The Powerpoint includes a slide describing the purpose of Themis’ pitch to H&W.

Etc.

Ugh:

And also that it's very easy for them to just cut you off, without warning, for any reason or no reason, and easy for them to coordinate with other businesses (actually or tacitly) in a way that does not, e.g., violate antitrust laws.
True. I wasn't trying to imply we live in The Best of All Possible Worlds. Much should be done to improve things, and laws requiring plain but legal language are good, obfuscation is bad, TOS that you "agree" to by cutting plastic is bad, and so on.

I just tend to cut to more root reform needed.

Turbulence, also true. And because of my physical limitations, I do a lot of business with Amazon because I can't get out much, can carry less, have little time, and they're the best alternative in many circumstances; otherwise it's all trade-offs with physical pain in some way, including time. (And this morning, arthritis in hands really limiting typing, even.)

Pluses and minuses of capitalism, really.

Agree credit card companies need strict laws; some advances by last Congress and Obama good; more would be better. Watching the way the companies are squirming with weasel wording in boilerplate and ads is amusing, but still easy for them to fool those who don't know what's going on; their wording still makes it appear that you should opt-in to garbage, and basically there are limits to how much you can protect low-information people, but there's always room for improvement by law, while also needing to be careful about law of unintented consequences, laws passed drafted by lobbyists, badly worded laws, etc.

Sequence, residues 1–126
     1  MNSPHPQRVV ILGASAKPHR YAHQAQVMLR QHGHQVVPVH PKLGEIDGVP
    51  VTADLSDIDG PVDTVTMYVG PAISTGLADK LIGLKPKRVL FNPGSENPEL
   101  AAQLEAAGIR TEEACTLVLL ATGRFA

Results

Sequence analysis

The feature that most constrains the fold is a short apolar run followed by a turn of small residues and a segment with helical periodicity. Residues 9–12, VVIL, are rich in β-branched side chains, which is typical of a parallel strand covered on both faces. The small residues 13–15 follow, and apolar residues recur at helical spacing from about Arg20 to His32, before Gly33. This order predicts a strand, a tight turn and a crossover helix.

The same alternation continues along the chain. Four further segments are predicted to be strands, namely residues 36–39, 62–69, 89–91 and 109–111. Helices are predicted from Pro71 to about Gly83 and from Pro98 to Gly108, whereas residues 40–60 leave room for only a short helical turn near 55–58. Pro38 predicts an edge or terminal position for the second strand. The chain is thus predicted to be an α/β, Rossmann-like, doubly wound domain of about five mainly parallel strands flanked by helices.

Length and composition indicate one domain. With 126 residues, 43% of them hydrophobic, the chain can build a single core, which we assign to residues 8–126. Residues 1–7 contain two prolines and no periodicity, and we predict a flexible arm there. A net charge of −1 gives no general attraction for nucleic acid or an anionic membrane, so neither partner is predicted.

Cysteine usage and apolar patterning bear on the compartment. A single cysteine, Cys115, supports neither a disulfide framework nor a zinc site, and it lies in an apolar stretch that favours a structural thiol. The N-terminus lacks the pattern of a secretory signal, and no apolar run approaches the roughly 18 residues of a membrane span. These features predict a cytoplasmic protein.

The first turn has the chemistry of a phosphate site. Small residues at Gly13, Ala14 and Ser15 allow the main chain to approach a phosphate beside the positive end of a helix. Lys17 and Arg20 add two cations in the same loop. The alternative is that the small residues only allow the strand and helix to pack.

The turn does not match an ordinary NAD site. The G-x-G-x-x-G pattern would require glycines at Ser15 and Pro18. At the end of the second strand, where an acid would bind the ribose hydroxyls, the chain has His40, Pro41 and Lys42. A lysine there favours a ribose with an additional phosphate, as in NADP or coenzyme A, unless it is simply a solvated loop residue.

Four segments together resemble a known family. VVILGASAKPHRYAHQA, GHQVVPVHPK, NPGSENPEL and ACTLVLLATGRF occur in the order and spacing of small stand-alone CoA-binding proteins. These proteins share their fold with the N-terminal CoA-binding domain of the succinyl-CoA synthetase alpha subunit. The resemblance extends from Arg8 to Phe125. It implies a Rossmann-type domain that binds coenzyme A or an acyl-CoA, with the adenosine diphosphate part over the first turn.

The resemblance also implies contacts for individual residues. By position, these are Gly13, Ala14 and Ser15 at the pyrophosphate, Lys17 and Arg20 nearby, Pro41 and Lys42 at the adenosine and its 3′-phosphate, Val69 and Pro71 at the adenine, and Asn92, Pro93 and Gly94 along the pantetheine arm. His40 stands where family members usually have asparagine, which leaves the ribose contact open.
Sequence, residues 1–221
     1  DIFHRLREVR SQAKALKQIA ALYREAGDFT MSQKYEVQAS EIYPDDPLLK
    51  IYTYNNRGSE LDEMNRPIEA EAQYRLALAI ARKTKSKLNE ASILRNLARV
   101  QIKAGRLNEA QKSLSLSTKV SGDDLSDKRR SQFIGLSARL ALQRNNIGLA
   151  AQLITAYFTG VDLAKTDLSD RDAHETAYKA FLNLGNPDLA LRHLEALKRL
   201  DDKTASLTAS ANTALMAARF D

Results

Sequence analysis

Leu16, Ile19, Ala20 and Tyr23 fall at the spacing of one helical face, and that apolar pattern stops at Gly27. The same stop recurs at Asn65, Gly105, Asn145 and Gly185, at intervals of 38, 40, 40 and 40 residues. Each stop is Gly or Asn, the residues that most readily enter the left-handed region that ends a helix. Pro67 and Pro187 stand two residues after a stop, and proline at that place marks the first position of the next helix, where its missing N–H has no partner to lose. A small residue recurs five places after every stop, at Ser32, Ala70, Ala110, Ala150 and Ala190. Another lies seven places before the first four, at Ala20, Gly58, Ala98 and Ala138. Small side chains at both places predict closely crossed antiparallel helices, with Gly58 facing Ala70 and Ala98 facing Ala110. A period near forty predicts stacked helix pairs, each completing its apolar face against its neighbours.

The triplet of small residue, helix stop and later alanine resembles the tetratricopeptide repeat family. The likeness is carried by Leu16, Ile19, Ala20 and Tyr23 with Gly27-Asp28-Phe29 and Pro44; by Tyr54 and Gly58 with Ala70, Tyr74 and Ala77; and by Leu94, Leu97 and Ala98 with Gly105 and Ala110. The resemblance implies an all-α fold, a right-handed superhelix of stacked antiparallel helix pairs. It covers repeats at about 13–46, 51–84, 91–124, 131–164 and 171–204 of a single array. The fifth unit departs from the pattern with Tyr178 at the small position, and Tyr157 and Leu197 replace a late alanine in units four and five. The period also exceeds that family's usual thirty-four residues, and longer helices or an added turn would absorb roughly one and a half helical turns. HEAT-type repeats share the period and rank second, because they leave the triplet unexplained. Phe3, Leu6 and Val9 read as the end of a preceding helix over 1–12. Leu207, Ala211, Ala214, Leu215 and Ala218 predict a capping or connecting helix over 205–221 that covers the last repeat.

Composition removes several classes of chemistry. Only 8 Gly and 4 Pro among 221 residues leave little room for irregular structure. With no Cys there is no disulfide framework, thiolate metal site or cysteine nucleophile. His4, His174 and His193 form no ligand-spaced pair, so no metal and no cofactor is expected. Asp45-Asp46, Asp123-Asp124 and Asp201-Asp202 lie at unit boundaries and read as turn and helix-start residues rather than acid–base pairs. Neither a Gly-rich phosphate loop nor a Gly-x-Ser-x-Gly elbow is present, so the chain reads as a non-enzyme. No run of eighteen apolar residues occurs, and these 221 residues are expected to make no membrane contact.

If only government led by vanguard of wise people like us were a good idea.... :-)

But crucial point: debit cards work just like credit cards for most purposes, but without same catches. Of *course* I have debit cards. Don't cost anything, provide all services, just don't end up losing lots of money to charges, setting aside minor fact no one in right mind would give me credit. :-)

Nor would I want any credit, save to be able to rent habitation, or if I drove, etc. It's basically a scam, otherwise, unless you can afford to just toss money down rathole, or watch like hawk.